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‘The Gospel at Colonus’ is a jubilant celebration of hope, faith and forgiveness

Lee Breuer, the lauded, Pulitzer-nominated adapter of works by the Greek tragedian, Sophocles – specifically the middle play of the Theban Series, “Oedipus at Colonus” – once read that Zora Neale Hurston, the revered Harlem Renaissance poet and anthropologist, always thought that “the closest equivalent to the passion of ancient Greek tragedy in our society could be found in the black sanctified church.”

That theory proved to be inspiration when Breuer and composer Bob Telson’s “The Gospel at Colonus” had a short but acclaimed Broadway run in spring 1988. Since then, the modern-day parable has played everywhere in America and abroad, more church than theater and still bringing audiences to their feet, loving a performance that, as one regional critic wrote, “has a story with an ending and music to lift the soul.” It is now at Ujima Theatre Company’s upstairs TheaterLoft home.

We meet Oedipus, the scorned, accused murderer of his father, he of an incestuous relationship with his mother – all false charges, he swears – as an old man. Blind and dressed in rags after wandering for years, he’s a pariah, accompanied and guided by his daughters/sisters, Antigone and Ismene. They’ve arrived at Colonus, on the edge of Thebes, where Oedipus will die, a fate foretold. Before his demise, though, he must clear the books, so to speak, tell his side of the story. He does, fighting off the dastardly Creon and his own son, whose pleas to return home smack of ulterior motives to the aged one.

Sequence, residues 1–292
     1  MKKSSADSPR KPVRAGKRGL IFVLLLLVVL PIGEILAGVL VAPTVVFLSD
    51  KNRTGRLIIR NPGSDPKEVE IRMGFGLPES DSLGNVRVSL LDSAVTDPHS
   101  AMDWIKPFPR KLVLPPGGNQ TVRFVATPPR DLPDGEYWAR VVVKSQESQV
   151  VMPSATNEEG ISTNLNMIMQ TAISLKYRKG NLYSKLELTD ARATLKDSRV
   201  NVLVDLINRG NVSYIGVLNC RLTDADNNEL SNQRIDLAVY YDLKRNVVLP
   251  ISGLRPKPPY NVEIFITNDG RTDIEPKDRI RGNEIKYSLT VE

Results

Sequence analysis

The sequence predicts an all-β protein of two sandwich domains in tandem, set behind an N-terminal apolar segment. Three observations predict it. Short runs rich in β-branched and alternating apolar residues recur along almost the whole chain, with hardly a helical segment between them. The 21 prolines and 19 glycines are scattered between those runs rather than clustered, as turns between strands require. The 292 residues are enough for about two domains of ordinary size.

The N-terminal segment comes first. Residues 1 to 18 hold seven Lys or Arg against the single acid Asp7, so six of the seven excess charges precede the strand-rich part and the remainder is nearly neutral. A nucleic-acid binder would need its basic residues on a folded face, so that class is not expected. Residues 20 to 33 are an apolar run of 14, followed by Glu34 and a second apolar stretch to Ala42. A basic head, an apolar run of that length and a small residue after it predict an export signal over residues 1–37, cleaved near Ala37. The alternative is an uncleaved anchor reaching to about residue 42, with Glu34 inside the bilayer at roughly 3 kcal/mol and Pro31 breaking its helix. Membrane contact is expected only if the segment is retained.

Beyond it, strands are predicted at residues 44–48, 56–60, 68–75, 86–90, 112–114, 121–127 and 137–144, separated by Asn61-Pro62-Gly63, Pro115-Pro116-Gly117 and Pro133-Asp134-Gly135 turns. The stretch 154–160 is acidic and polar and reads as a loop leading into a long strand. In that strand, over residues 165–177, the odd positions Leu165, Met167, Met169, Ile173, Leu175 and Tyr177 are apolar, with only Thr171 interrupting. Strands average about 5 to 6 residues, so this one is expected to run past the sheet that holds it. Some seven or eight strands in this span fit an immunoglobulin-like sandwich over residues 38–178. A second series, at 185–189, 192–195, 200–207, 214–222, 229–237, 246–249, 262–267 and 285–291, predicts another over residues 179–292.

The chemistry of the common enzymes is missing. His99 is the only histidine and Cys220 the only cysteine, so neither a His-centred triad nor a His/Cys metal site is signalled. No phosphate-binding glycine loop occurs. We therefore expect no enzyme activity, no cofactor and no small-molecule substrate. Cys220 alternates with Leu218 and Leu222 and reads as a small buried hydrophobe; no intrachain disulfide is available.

A dozen or so songs tell of all this, the Preacher/Balladeer/Messenger leading a Chorus, whose individual members leave their rostrum post to play a role, sing or lead the rest in questioning the old man, gradually praising or comforting, eventually grieving. Bob Telson’s score produces one show-stopper after another: “Stop! Do Not Go On!”; “Who Is This Man?”; the hand-clapping “Never Drive You Away”; the beautiful, a cappella “Fair Colonus,” with the wonderful, nightlong powerhouse Zoe Viola Scruggs; “Lift Him Up”; and the closing, epiphanic “Now Let the Weeping Cease.”

Lorna C. Hill directs an involved cast that is hesitant in the early going but with little lasting damage. It includes members of the Buffalo Academy for Visual and Performing Arts and their God’s Purchase Gospel Choir, as well as Ujima veteran Dwight Simpson and charismatic choir leader George L. Brown. Among many young singers and actors are the impressive London Lee, the regal Zhanna Reed and the animated Terence A. McKissick Jr. – clad in Greek-like garb with bright African colors. Karen Saxon does yeoman work as musical director and on the keyboard.

Sophocles wrote of the individual seeking truth and self-understanding. Director Hill seems to stress this, deeply respectful of ancient text, Breuer’s interpretation and the pulsating score, adding much jubilation when forgiveness comes to the fore and faith is restored. And then, now or someday, the “cursed shall be blessed,” like Oedipus. There’s electricity here, as well as hope, high-energy and catharsis. Alleluia.